Is philosophy worth bothering with?

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Re: Is philosophy worth bothering with?

#41  Postby Thommo » Aug 07, 2016 11:43 pm

SpeedOfSound wrote:Notice that few discussions around here gather a post count unless jamest or the likes of him enter the fray. Why do think that is?


Because the more obviously stupid something is, the more confident more people feel about being able to point out some or all of the flaws in it.
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Re: Is philosophy worth bothering with?

#42  Postby jamest » Aug 07, 2016 11:49 pm

Calilasseia wrote:
jamest wrote:Yeah, let's not bother with philosophy


As I've repeatedly stated in the past, if by 'philosophy' one means assertionist navel gazing, then we don't need to bother with that.

Well, I don't know what you mean by naval gazing, but I will always agree that assertions [of truth] (assumptions) are useless in philosophy.

On the other hand, the proper business of philosophy, namely working out which questions are apposite to ask, is a different matter.

I don't really know what you mean by this, either, since it seems to me that one could not reasonably suggest which questions are apposite to ask unless one had already formed or assumed a basis upon which to make such suggestions.

jamest wrote:because we already know that science explains everything, even though it doesn't;


I'll refer you to Dara O'Braian:

"Of course science doesn't know everything, because if it did, it would stop!"

The point is that only a complete narrative by science could possibly render philosophy obsolete, because only at the point of completion can it be proved that the assumption that every phenomena is essentially physical and has a completely physical explanation... is correct.

jamest wrote:and we already know that 'reality' is material, even though we don't;


Correction: we know that every observable entity and phenomenon thus far encountered has a material basis.

The point I've been arguing for years is that the experience of X is not X itself, such that the experience of X does not necessarily have a material basis... unlike X itself (if such a thing exists). The bottom-line is that we don't know if any [experienced] thing (not least the experiencer) has a material basis, since it is a mere assumption that the experience of X is ultimately generated by matter itself (X). This is the fundamental point of metaphysics, one which cannot simply be swept under the rug. Not reasonably, anyway.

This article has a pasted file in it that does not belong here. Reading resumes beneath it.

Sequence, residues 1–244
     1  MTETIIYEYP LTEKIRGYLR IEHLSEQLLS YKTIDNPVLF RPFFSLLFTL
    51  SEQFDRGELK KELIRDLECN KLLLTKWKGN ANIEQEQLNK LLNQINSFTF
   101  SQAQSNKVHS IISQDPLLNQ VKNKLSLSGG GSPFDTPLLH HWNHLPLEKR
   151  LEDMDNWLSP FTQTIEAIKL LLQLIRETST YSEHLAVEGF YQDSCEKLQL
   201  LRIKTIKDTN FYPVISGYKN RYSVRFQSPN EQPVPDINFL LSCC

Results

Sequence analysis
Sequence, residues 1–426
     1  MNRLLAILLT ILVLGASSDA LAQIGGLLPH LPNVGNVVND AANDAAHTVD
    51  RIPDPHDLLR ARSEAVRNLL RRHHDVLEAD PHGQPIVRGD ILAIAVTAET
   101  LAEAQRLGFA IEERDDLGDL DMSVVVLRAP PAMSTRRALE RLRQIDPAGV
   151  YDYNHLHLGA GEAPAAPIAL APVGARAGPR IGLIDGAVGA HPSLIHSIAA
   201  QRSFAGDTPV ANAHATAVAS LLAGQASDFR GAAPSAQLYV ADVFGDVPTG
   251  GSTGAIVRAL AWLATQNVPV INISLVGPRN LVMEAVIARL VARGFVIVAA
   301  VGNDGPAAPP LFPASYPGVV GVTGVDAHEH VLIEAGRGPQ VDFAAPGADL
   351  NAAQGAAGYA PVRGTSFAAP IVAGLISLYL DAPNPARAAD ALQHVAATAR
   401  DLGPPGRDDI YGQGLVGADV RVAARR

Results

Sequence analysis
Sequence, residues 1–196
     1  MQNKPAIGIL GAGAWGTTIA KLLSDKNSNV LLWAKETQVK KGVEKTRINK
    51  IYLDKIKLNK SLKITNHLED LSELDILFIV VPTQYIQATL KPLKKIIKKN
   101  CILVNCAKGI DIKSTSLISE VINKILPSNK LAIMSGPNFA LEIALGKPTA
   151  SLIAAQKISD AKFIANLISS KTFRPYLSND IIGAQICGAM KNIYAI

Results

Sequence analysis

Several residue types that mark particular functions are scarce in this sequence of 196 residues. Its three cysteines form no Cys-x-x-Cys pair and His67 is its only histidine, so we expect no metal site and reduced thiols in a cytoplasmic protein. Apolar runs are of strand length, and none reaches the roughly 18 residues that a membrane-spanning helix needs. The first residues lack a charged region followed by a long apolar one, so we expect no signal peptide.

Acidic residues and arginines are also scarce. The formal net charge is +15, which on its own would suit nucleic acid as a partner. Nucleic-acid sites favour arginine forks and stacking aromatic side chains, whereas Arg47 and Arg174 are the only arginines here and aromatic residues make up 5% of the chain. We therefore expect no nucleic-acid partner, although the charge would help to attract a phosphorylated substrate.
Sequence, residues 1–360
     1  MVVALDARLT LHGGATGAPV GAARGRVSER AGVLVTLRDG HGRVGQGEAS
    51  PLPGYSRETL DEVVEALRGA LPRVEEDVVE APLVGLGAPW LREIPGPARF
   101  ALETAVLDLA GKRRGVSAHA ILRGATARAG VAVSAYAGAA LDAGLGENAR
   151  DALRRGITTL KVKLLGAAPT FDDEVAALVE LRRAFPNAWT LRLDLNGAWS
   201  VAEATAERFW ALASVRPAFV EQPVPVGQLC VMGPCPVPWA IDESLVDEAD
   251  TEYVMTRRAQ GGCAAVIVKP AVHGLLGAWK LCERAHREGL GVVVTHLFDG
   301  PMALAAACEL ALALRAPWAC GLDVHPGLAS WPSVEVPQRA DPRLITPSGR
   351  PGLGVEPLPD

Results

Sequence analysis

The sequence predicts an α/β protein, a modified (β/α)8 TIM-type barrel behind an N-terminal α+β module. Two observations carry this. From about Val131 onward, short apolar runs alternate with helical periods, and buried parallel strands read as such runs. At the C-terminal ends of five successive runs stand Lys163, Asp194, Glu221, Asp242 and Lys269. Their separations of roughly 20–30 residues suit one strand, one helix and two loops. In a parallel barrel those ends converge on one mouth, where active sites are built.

As the peer reviewed literature will tell you if you read it.

I'm not interested in peer reviewed literature, since the peers in question are ones which share your same bias. I am here arguing the point on its own merits.

Whether there actually exists any 'non-material' entities or phenomena, is a non-trivial question, not least because 'non-material' has yet to be properly and rigorously defined. How one defines this is a good example of those questions that is apposite to ask I referred to above.

Again, the point is that the substance of the experience of X [and the experiencer] is that which is in doubt. It is one thing to define the experience of a thing as a material object [X]... and another thing altogether to claim that material objects X exist independently of the experience of them; for if they don't, then what is the ontological significance of defining [an experience of] X as a material object? The answer is that there is no ontological significance to such a descriptive scheme, any more so than reporting observable phenomena as 'immaterial' would be significant in the same vein.

The bottom-line is that observed/experienced objects are not necessarily a reflection of 'reality'. I think that the assumption that they are is utterly unwarranted and therefore naive. Philosophers should not allow themselves the luxury of such slack thinking.

jamest wrote:Even the question pertaining to the thread's title is requiring of a philosophical answer


Hmm, another of those assertions whose truth-value isn't as trivially obvious as you might think. Because, for one, as those other disciplines philosophy launched, and which subsequently acquired independent life,

Any subject which is borne of reason cannot ever exist independently of that reason, nor then abandon reason in its own progression.

have taught us so well, it is possible for answers to be provided to questions previously thought to be solely the remit of philosophy, by activities outside that sphere. See: cosmology.